plaintiff filed for divorce.
	
       After the parties had separated, plaintiff received financial and
  emotional support from Mark  Stickney, defendant's brother.  A divorce was
  granted on December 20, 1991.  In its decree, the  family court awarded
  plaintiff $1,800 in permanent maintenance, based in part on the fact that 
  plaintiff had been out of the work force for twenty years and had no
  experience or vocational  skills to enable her to support herself in a
  manner approximating the standard of living  established during the
  marriage.
	
       In June 1992, the parties entered into a stipulation agreement
  temporarily reducing defendant's  maintenance obligation to $1,200 per
  week.  This temporary reduction took into account the fact  that defendant
  had filed for bankruptcy and that he had agreed to assume the parties'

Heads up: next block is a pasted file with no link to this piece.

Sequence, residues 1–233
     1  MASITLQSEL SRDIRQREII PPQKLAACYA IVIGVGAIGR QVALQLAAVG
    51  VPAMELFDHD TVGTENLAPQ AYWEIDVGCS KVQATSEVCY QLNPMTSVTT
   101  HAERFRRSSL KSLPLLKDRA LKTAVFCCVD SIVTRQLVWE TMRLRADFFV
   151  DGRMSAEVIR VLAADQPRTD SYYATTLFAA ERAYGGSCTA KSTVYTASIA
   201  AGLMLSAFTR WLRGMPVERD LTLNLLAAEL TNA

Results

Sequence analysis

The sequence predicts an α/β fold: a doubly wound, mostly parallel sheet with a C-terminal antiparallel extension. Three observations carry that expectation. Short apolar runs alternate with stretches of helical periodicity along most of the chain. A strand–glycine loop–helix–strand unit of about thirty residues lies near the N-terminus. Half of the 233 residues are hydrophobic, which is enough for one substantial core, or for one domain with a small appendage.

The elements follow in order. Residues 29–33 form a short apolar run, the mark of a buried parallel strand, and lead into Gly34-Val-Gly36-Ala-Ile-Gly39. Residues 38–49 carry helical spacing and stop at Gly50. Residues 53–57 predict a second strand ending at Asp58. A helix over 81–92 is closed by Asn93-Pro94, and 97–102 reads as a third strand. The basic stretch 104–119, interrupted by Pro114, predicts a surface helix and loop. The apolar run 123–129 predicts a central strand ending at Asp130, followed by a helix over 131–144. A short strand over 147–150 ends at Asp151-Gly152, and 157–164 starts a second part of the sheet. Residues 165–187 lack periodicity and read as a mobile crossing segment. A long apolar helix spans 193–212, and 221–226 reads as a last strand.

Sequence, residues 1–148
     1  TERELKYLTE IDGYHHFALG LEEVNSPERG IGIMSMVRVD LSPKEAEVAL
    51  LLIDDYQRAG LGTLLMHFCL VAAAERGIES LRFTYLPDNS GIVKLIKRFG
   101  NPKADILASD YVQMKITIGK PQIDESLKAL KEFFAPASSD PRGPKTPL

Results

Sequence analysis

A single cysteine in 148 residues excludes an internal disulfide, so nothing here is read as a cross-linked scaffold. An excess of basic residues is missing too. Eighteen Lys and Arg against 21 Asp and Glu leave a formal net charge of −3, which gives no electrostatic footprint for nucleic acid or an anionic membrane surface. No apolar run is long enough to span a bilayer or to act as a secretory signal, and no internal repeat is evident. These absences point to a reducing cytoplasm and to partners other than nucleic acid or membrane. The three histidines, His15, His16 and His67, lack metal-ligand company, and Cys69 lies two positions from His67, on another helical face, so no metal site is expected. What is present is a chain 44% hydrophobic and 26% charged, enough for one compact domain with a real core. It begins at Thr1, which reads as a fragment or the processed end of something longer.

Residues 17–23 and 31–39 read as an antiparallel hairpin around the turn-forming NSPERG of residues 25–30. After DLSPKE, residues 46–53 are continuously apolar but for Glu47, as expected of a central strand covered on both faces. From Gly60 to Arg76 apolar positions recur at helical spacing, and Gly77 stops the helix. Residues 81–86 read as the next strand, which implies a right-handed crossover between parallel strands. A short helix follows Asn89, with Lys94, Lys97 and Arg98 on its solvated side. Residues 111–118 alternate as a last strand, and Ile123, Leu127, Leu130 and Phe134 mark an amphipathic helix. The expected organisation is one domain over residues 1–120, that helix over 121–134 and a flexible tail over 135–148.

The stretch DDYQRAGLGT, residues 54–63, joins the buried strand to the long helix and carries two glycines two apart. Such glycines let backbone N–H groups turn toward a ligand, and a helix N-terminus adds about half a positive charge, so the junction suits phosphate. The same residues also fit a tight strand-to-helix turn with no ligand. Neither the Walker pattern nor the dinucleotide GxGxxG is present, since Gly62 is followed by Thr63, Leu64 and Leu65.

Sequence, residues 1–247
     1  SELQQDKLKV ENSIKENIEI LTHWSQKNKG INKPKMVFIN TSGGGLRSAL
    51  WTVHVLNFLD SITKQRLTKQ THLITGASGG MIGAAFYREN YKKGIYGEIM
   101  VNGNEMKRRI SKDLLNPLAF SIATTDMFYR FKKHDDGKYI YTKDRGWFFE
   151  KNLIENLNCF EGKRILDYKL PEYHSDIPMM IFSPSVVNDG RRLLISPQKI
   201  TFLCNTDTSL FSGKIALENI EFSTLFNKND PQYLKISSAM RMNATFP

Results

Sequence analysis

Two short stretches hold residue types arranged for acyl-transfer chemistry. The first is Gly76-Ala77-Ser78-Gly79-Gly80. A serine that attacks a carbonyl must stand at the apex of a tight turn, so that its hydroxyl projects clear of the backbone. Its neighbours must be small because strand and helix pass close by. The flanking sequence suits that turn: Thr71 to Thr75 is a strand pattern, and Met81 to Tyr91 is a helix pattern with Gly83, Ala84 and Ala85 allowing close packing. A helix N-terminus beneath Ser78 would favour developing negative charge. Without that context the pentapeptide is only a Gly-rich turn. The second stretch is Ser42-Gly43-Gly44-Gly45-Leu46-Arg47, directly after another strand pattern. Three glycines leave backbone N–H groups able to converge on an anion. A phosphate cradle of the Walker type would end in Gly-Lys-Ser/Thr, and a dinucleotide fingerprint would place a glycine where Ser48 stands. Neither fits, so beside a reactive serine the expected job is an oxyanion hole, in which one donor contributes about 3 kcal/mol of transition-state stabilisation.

significant  debt owed to the I.R.S.  Defendant's maintenance obligation
  would return to $1,800 per week by  June 1998 at the latest, according to a
  schedule based on his retiring of the party's tax  indebtedness.

 


       In January 1998, defendant filed a motion to modify spousal
  maintenance, alleging that his  income had failed to meet projected
  increases and his practice's operating expenses substantially  exceeded the
  court's projections anticipated in the final divorce order.  He further
  offered as  support for a change in circumstances the fact that plaintiff
  had made no effort to complete her  education and obtain employment as
  contemplated by the prior order, and that plaintiff's standard  of living
  had substantially improved because of the financial support she received
  from Mark  Stickney.

       Following a hearing on defendant's motion in July 1998, the court
  found defendant had met his  burden and demonstrated a change in
  circumstances which justified a downward modification of  maintenance for
  three reasons.  First, notwithstanding the fact that defendant continued to
  work  at a pace equal to or exceeding his efforts at the time of the final
  hearing, his net income had  decreased as compared to and anticipated by
  the court's 1991 order.  Second, plaintiff had failed  to make a good-faith
  effort to complete her education and obtain gainful employment.  Third,